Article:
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Weight Loss Surgery

Although the results of weight loss surgery can be drastic, there are potential risks and complications.





Weight Loss Surgery
by Patrick Austin


Weight loss surgery isn’t something to be taken lightly (pardon the horrible pun). It should only be considered if you are morbidly obese. To be considered morbidly obese, you need to be at least one hundred pounds over weight. So if you have fifteen pounds to lose, don’t consider weight loss surgery an option.

There are a number of risks in relation to a weight loss surgery. Here are just a few:

* Bleeding
* Complications due to anesthesia and medications
* Deep vein thrombosis
* Dehiscence
* Infections
* Leaks from staple line breakdown
* Marginal ulcers
* Pulmonary problems
* Spleen injury
* Stenosis

The most important step in weight loss surgery is getting all of the information you need about the various surgical options. Ultimately your surgeon and other physicians are your best resource for information about the procedure they will recommend to you. When you ask a question, make sure you understand the answer. Don’t hesitate to ask for a clearer explanation given in simpler language. The decision to have a weight loss surgical procedure may take several visits to their offices and consultation with more than one doctor. Ask your doctor for names of other patients who have had similar weight loss surgeries and who are willing to discuss their experiences, good and bad, with you.

You can also research weight loss surgery through your local library and on the internet. As with any search for medical information, be sure that your sources are responsible, recognized experts in the field you are investigating. An excellent resource for weight loss surgery is the American Society for Bariatric Surgery.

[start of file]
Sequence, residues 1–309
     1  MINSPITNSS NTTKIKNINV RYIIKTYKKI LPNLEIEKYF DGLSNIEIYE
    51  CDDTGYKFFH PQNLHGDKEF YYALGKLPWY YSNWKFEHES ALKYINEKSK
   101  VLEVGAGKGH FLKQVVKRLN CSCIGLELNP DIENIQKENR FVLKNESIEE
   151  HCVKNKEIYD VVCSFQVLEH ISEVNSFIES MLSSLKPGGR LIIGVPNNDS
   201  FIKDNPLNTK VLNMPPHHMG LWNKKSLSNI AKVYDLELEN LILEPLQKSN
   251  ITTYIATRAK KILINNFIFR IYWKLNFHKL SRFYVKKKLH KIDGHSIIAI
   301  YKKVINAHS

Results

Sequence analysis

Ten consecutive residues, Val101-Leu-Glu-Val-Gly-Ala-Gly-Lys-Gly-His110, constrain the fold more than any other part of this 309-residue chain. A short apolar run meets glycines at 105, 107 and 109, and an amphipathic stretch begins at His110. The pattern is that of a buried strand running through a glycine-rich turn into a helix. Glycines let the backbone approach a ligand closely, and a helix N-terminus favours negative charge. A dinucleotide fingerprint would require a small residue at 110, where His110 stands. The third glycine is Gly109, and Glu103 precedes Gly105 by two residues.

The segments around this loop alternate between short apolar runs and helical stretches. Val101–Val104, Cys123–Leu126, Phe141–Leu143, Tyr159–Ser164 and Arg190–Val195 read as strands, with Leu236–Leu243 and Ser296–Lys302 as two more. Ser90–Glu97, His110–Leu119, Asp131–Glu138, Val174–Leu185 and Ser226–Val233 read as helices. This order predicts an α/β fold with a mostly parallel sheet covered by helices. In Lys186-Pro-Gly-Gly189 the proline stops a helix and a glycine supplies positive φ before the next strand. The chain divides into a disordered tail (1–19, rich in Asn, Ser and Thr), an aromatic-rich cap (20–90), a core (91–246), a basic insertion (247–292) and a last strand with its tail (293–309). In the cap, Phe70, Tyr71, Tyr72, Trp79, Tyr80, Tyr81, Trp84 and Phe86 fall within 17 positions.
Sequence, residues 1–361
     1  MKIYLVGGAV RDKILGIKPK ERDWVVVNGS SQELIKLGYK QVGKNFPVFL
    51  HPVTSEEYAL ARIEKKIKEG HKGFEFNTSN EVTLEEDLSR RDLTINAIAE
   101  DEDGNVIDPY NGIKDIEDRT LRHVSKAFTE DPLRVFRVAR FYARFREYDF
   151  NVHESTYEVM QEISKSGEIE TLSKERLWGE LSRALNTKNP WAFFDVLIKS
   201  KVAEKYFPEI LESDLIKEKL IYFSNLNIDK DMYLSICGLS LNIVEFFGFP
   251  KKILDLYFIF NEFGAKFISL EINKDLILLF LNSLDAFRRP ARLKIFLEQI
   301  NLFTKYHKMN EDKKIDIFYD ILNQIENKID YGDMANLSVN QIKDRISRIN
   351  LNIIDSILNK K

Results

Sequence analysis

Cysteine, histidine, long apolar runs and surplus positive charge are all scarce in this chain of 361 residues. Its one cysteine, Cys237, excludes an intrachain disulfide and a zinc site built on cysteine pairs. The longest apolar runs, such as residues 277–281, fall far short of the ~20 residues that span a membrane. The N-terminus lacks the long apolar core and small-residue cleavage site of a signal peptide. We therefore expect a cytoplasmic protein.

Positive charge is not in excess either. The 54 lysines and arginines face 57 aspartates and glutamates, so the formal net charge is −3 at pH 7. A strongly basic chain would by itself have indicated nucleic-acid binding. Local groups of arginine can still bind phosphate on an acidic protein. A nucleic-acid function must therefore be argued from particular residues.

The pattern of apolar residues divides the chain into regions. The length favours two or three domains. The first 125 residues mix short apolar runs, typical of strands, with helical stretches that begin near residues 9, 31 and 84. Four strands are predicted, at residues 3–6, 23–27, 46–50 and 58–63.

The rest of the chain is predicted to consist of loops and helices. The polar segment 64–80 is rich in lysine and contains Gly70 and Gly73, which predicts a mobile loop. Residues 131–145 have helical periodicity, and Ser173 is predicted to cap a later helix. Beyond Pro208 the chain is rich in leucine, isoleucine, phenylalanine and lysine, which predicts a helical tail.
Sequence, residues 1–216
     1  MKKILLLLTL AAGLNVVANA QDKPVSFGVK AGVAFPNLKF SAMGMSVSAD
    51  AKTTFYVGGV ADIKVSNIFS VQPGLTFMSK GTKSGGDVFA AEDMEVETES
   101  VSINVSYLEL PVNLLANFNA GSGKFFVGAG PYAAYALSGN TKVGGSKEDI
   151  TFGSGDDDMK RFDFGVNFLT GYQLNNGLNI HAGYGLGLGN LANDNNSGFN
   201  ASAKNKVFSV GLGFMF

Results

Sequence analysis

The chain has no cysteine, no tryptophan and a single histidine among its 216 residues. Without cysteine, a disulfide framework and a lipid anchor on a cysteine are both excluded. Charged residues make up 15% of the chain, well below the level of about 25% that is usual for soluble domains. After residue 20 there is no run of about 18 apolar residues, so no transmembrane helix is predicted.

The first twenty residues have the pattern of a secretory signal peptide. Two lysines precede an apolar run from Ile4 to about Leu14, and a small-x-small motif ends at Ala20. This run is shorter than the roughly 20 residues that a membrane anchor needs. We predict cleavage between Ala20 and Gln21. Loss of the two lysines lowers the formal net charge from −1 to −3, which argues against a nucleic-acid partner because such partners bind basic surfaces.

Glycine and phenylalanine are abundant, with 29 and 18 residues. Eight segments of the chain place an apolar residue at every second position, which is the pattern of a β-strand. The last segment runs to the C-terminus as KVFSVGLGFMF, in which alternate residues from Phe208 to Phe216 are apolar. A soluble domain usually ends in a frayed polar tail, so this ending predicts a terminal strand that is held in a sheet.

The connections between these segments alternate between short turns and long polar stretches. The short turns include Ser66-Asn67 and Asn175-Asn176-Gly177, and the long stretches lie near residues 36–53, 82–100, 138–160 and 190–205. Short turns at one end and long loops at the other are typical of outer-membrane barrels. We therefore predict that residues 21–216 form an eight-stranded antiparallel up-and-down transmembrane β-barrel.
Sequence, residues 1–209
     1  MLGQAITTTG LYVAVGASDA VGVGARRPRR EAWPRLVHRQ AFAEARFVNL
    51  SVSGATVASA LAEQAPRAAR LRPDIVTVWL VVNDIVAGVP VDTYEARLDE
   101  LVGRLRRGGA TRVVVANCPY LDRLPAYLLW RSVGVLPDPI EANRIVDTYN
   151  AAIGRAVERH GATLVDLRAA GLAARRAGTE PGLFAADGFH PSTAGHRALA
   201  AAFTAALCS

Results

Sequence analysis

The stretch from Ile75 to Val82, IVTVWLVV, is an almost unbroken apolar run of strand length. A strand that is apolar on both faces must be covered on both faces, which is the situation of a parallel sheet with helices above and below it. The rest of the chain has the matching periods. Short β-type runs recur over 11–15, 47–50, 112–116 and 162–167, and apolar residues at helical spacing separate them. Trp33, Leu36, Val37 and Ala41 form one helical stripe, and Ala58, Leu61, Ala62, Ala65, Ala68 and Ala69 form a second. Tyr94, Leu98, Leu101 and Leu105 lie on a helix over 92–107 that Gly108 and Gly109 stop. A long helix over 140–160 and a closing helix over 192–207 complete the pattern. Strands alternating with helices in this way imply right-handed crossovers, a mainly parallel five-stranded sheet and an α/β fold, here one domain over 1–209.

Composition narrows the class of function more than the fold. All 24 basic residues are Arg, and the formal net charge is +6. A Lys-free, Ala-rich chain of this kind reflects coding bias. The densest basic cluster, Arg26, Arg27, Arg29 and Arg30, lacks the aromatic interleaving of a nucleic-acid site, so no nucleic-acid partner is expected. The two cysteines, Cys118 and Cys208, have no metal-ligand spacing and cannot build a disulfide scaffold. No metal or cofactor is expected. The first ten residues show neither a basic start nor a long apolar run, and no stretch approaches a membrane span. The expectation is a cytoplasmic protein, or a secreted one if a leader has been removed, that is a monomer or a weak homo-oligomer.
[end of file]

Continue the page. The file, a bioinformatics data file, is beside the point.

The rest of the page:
Although the results of weight loss surgery can be drastic, there are potential risks and complications. Before making your decision, you should be well informed. These steps are necessary if you are to give what is called "informed consent" for the surgical procedure.

Informed consent is a legal term meaning that a patient agrees that they have received and understood enough information about a procedure's benefits and risks to allow them to make a decision that is right for them. Your surgeon will require you to sign a consent form before performing a weight loss surgery. Before you sign the consent form, you should have a good understanding of what is about to take place. You should know what you would need to do to live well after the operation. And you should be aware of the signs of complications to look for which could potentially occur after your weight loss surgery.

If you’d like to find out more information regarding weight loss surgery, check out these sites:

Mr. Austin is a freelance writer who covers sports and health for a number of web sites including,, and He currently also covers entertainment and sports for Vainquer magazine.

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